Vashon will see a changing of the guard of sorts in the coming months as Seattle Distilling moves its operations off-island and a new brewery gets set to move into the space.
After five years of spirits production out of a log cabin at Center — the distillery offers vodka, gin, whiskey and a coffee liqueur — owners Paco and Tami Brockway Joyce will cease on-island production. And while the company will move, the Joyces will remain on the island. As of Friday, the couple was still in talks about potential distillery locations and could not say where the business would be moving to.
“We are still working out the details of that move, but it is happening,” Brockway Joyce said. “We won’t move to Seattle, but we will move to a high-volume space.”
She said the Seattle Distilling name will carry on and she and her husband will move out of day-to-day operations, but still oversee quality.
“Paco and I will still be involved, but will not be running the company any longer, which is a really good thing for us,” Brockway Joyce said.
She cited finances as the main reason for the move.
“Making craft spirits the way we do is a very expensive process, and it’s exponentially more expensive than the way large distilleries make their spirits,” she said. “It’s a special product, but its hard to compete. We need to reduce the cost of materials and significantly increase the production capacity.”
She said the move will allow for more cost-effective production “without compromising quality.”
“I remember a few years ago someone asked me, ‘Are you passionate about the business or the product?’ And what we’ve known since the beginning is we’re passionate about the product and haven’t been willing to compromise our methods or ingredients,” Brockway Joyce said. “It’s been tricky to profit off of.”
But being on the island hasn’t been all hardship, she said. Opening a business on Vashon meant there was a “built in fan base,” and by the time they opened in the fall of 2012, there were already people excited about what they were doing. Indeed when The Beachcomber wrote about the business in September 2012, the article indicated that while the distillery had yet to produce a drop of alcohol, “one would never know that based on the attention and anticipation surrounding the small operation.”
“We wouldn’t have traded that for anything,” Brockway Joyce said last week.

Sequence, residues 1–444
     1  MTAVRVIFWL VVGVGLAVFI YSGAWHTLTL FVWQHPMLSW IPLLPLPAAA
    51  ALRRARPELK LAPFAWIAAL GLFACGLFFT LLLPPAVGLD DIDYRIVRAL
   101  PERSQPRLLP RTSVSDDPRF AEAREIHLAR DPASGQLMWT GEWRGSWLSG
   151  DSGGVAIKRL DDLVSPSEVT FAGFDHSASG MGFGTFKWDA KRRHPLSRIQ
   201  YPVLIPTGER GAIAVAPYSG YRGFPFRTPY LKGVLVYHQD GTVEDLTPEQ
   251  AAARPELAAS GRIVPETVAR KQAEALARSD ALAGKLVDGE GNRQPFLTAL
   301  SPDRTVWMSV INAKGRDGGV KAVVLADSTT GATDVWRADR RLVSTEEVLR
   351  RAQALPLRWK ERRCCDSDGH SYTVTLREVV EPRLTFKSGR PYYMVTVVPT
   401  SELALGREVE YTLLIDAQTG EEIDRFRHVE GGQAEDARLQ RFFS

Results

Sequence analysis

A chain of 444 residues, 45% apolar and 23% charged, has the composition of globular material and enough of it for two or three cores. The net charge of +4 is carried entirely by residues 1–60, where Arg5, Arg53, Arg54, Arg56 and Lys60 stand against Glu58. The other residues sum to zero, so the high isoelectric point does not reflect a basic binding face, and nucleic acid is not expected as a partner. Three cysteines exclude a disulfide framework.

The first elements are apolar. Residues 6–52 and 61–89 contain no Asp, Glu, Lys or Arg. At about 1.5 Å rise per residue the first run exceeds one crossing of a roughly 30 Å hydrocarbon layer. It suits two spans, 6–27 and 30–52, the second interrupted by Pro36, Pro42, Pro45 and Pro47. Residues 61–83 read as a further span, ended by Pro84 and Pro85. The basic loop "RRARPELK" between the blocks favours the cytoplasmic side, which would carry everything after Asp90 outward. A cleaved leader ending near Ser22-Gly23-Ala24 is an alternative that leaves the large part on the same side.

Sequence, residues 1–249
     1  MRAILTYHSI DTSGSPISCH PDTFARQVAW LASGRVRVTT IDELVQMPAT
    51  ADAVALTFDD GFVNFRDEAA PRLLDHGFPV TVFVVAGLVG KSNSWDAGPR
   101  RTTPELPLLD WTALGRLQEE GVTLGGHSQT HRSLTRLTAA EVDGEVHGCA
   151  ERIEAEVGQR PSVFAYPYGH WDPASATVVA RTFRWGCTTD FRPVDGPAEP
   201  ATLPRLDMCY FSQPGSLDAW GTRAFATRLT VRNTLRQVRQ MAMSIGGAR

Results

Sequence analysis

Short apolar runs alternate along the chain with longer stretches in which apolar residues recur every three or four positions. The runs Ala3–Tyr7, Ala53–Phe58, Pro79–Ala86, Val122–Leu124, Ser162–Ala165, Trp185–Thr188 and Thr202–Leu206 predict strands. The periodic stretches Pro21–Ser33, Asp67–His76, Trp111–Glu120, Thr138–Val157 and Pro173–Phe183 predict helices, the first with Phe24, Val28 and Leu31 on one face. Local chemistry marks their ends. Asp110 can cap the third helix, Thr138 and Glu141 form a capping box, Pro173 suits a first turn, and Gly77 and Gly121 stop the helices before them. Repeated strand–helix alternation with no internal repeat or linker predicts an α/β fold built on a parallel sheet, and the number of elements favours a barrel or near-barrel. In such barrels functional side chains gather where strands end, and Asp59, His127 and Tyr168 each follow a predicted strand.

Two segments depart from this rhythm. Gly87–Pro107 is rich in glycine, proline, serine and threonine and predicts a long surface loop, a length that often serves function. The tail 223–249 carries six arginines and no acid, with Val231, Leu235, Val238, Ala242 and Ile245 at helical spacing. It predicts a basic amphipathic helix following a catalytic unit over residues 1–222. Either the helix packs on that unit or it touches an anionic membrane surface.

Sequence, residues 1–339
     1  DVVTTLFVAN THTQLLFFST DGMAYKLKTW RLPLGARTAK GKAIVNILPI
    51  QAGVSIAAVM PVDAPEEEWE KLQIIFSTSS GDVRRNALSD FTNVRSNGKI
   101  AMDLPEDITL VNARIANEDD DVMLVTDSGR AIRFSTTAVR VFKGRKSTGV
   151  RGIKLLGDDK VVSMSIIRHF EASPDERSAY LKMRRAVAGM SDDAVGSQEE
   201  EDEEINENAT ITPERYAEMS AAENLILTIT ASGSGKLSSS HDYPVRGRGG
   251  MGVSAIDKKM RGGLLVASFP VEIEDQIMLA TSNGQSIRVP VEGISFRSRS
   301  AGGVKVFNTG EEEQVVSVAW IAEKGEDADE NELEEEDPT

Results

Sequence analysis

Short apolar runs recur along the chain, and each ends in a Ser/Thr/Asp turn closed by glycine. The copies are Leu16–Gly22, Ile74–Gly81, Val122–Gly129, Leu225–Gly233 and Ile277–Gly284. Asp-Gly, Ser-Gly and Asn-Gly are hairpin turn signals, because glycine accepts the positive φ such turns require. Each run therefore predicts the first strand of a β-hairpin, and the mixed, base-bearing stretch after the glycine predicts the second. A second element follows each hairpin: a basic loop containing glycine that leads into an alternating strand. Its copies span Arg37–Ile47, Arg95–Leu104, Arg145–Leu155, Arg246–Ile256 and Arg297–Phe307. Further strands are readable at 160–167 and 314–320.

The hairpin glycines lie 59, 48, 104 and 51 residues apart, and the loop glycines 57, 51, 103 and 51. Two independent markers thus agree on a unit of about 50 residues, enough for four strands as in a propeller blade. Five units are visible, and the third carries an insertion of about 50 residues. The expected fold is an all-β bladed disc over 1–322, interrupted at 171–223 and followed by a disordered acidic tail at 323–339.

Two years in a row the business was named the best distillery in Western Washington in a KING5’s Best of Western Washington list.
The distillery has been a labor of love for Brockway Joyce and husband Paco. The large tanks and intricate piping system used to distill libations were designed and built by Paco, co-owner Ishan Dillon and island graphic designer David Waterworth — all “garage tinkerers” as they are referred to in the 2012 article.
And that sweat equity they’ve invested will not be lost with the move. Islander Matt Lawrence, who has been homebrewing for three years with the intention of eventually opening his own brewery and taproom, has plans to move in to the space. He’s been a longtime friend of the Joyces, and Brockway Joyce said Lawrence’s brewery seemed like a natural transition.
“We had tasted his homebrew and really liked it,” she said. “He’ll use our equipment to brew the beer and will use some whiskey barrels in his aging. There will be this great collaboration between what once was in that log cabin and what will be there now. We’re thrilled that the island’s going to have (the brewery) to fill the void.”
For Lawrence, he said the Joyces support has been critical.
“Without them there would be no brewery and taproom,” he said.
His partners and fellow island homebrewers Nathan Schafer and Scotty Maclaughin along with Lara Seltin, who Lawrence said has been handling much of the business side of the venture, have also been crucial, he said. Plans for the business, called Camp Colvos Brewing, are nearly finalized, he said, but there are still final details to work out. He is hoping to open in early summer and said he is most excited about the ability to “do a little bit of everything.”
“It’s making beer, selling it, doing accounting, strategy — it’s so fun,” he said. “I get to jump off a call with an engineer, then talk to an accountant and then a lawyer and they’re all so different.”